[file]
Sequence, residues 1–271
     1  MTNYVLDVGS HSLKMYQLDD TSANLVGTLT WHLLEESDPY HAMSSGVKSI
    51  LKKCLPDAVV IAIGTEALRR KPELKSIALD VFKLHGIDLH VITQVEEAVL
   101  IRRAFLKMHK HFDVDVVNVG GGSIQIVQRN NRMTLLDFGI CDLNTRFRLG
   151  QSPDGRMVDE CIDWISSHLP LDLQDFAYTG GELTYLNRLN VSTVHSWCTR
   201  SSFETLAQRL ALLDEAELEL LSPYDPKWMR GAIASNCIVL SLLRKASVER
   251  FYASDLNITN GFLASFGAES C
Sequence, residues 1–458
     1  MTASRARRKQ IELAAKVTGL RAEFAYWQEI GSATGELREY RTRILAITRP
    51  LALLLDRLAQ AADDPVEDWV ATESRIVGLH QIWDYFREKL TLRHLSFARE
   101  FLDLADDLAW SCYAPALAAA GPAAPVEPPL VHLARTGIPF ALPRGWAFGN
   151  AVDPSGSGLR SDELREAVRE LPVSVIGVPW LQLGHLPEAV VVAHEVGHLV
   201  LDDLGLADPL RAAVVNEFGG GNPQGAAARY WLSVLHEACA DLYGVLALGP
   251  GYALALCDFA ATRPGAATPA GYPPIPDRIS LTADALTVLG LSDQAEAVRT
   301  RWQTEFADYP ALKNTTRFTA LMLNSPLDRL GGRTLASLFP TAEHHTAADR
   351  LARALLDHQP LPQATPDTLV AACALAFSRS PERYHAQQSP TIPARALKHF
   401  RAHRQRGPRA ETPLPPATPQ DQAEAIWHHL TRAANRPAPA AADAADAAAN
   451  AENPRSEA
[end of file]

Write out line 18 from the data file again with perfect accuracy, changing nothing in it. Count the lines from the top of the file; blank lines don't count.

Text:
   451  AENPRSEA